If those opposed to the expansion of Gatwick airport have their green fields and areas of outstanding natural beauty as talismans, those standing in the way of Heathrow can point to a 600-year-old barn.

Harmondsworth Barn — once dubbed the Cathedral of Middlesex by the late poet laureate Sir John Betjeman — is a Grade I-listed building in the ancient village of Harmondsworth, which is likely to be destroyed as part of contentious plans to build a northwest runway at the UK’s largest airport.

The plan would see the airport’s boundary come almost to the centre of the village, with everything south of that line demolished.

While the barn will be saved, as well as the mid-11th century St Mary’s Church, campaigners say they would be so close to the airport that the church would have no congregation and the barn would be pounded by noise and fuel fumes.

The destruction of a village that dates back to the 6th century will be one of several obstacles facing Heathrow after it got the nod from Sir Howard Davies on Wednesday in the conclusion to his three-year inquiry on where to build a new runway in southeast England.

The other option to expand Heathrow — a plan put forward by Jock Lowe, a former Concorde pilot and senior British Airways executive — would save the village by extending the existing northern runway west over the M25. However, Sir Howard rejected this plan on Wednesday, which was the surprise inclusion on a shortlist of three options to increase airport capacity in the southeast of England, alongside a second runway at Gatwick.

But despite its beauty, Harmondsworth’s fate will fall well behind concerns over air quality and strong opposition from Conservative MPs whose constituents live under the flight paths in and out of the airport, which would get busier whatever of the two options were chosen.

“Air pollution could potentially be a showstopper for Heathrow,” says Angus Walker, partner in the planning and infrastructure team at Bircham Dyson Bell.

“This is because of the way the EU air-quality laws are set up. A new project in [one] part of a country cannot slow down achievement of air-quality targets in that part of the country. It is going to be difficult for Heathrow to argue that it will not make air quality worse in the London region.”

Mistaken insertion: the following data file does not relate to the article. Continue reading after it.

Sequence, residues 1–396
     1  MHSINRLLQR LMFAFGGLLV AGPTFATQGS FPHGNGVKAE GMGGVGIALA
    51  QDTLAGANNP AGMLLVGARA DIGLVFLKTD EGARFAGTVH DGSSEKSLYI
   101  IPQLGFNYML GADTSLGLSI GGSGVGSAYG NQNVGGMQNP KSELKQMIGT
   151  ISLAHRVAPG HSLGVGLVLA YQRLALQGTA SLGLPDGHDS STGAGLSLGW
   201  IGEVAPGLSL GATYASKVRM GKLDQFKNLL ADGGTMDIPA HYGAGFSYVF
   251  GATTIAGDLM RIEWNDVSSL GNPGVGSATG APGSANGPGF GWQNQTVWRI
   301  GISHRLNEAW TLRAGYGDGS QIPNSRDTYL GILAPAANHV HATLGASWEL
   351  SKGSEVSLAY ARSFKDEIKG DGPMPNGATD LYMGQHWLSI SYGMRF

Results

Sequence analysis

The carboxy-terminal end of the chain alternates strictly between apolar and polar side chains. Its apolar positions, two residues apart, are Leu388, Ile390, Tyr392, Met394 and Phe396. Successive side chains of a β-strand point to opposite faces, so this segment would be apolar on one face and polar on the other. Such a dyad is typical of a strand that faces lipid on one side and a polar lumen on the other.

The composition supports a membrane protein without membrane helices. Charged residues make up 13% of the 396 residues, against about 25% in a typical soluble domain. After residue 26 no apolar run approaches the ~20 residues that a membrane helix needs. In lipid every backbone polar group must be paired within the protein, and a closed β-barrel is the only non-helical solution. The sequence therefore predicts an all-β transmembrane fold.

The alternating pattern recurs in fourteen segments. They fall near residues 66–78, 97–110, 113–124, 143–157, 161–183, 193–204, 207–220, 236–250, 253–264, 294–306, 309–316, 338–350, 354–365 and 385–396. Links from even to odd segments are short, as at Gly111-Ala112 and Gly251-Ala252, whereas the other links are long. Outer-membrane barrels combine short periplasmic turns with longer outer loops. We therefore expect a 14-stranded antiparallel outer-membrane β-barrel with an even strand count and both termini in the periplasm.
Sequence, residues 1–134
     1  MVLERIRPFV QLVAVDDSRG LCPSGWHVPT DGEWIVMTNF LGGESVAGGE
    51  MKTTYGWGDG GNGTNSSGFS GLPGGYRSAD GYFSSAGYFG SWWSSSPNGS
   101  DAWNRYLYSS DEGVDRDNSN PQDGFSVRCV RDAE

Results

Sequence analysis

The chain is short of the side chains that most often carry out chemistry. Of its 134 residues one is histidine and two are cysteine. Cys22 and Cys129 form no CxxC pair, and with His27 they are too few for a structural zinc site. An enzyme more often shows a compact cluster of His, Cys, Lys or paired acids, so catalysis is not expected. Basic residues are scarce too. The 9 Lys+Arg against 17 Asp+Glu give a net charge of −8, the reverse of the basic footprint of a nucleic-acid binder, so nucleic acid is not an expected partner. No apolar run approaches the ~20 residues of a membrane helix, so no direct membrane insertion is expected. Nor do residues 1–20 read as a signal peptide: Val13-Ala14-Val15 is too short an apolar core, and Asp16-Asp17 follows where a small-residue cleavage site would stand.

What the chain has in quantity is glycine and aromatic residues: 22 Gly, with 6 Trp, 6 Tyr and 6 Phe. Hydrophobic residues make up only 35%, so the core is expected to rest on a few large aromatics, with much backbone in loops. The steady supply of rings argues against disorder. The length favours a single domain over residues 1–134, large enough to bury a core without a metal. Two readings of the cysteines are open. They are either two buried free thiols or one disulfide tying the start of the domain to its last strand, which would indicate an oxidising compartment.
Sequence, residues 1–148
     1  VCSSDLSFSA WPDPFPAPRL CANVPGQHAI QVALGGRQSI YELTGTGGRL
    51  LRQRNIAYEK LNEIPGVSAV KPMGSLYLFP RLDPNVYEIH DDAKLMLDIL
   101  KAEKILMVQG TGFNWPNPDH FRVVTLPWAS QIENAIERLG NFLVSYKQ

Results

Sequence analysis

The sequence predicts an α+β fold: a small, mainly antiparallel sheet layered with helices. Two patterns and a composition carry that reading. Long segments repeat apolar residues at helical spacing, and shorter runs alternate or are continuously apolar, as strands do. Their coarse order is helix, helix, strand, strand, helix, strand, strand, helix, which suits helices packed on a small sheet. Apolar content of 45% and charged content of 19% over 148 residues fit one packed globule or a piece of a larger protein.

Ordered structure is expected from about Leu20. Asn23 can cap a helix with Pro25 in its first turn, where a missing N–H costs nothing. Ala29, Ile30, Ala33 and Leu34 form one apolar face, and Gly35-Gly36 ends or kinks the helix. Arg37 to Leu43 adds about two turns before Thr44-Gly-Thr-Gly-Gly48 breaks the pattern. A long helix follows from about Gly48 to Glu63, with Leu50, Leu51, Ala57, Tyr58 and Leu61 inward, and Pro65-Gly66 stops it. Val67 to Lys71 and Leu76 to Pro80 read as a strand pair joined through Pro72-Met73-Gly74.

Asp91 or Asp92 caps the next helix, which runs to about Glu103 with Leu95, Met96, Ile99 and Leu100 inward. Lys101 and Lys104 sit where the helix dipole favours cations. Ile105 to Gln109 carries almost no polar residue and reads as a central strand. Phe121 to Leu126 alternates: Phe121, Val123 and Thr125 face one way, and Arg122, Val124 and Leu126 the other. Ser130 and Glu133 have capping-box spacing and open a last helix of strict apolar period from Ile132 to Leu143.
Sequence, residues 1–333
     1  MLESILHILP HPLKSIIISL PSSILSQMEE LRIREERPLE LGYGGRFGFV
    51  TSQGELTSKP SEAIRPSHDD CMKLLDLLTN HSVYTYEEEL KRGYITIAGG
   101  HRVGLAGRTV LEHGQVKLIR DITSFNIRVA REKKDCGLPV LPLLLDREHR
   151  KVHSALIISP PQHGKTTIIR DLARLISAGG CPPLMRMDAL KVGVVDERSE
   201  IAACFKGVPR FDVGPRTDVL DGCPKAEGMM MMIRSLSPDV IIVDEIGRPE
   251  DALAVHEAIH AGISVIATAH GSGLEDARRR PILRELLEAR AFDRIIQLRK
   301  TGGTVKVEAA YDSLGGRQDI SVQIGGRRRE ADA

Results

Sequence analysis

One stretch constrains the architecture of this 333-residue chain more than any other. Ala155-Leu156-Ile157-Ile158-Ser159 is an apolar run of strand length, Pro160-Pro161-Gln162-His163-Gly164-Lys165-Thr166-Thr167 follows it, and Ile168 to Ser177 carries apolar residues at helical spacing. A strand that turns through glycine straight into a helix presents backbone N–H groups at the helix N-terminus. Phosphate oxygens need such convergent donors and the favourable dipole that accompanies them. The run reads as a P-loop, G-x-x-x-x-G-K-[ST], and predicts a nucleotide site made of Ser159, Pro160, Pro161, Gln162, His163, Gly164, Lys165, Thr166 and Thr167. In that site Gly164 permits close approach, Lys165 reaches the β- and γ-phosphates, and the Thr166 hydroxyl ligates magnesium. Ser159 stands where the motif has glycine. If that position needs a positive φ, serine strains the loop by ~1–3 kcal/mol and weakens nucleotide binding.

In April the Supreme Court ruled that Britain must speed up its efforts to tackle air pollution, having breached EU limits. This is where Heathrow is more vulnerable than its rival Gatwick, given the EU limits on pollution are breached on some roads around the airport.

A previous government decision to allow a third runway at Heathrow was overturned by the courts in 2010 on environmental grounds. To avoid this happening again, the Airports Commission was forced to open a last-minute public consultation on air quality in May.

“Heathrow is particularly bad because of where it is: it is between two motorways and a heavily built-up area. You don’t have the same problem at Gatwick,” says Anna Heslop, an environmental lawyer at ClientEarth.

Noise levels could prove another battleground, according to John Stewart, chair of Hacan, the leading protest group against the expansion of Heathrow airport. “Noise is not so much a legal problem but a big political problem,” he says. “All the people under the flight path . . . are all voters. Many more people are affected by noise from Heathrow than any other airport in Europe.”

The government would also face strong opposition to Heathrow from within its own ranks, ranging from Boris Johnson, London mayor and MP for Uxbridge, to Justine Greening, development secretary.

“It is the question of resistance and opposition,” says John Strickland, an aviation analyst at JLS Consulting. “It is going to be there in a forceable way. When you have got big-gun MPs with extremely well-heeled constituencies who have enormous influence, then that’s a big challenge.”

Even though Heathrow has won the first battle, its backers know they still have a hard fight. They intend to make a public case by pointing out how their proposal has changed since it was pulled by the coalition in 2010. That setback had “forced the company to come up with something that can actually be built”, said one person close to the situation.

The original plan threatened to destroy more picturesque villages, including a significant part of the village of Harlington with its 1,000-year-old yew tree and Norman church. The airport’s proposal has moved the new runway further to the west to run over the M25. This would allow aircraft to fly higher and over motorway on approach and take-off to minimise disruption to residential areas, the person said. The yew tree and the church will both be saved.

However, there is still the significant hurdle of air-quality breaches on the M4. Heathrow is counting on the fact that something will have to be done regardless of expansion given the Supreme Court’s ruling this year.

Supporters have proposed measures that Sir Howard has accepted would mitigate the impact of expansion — providing they are implemented, which requires the London mayor to agree. These include creating a low-emissions zone that would ban vehicles using older diesel engines from that part of the motorway.

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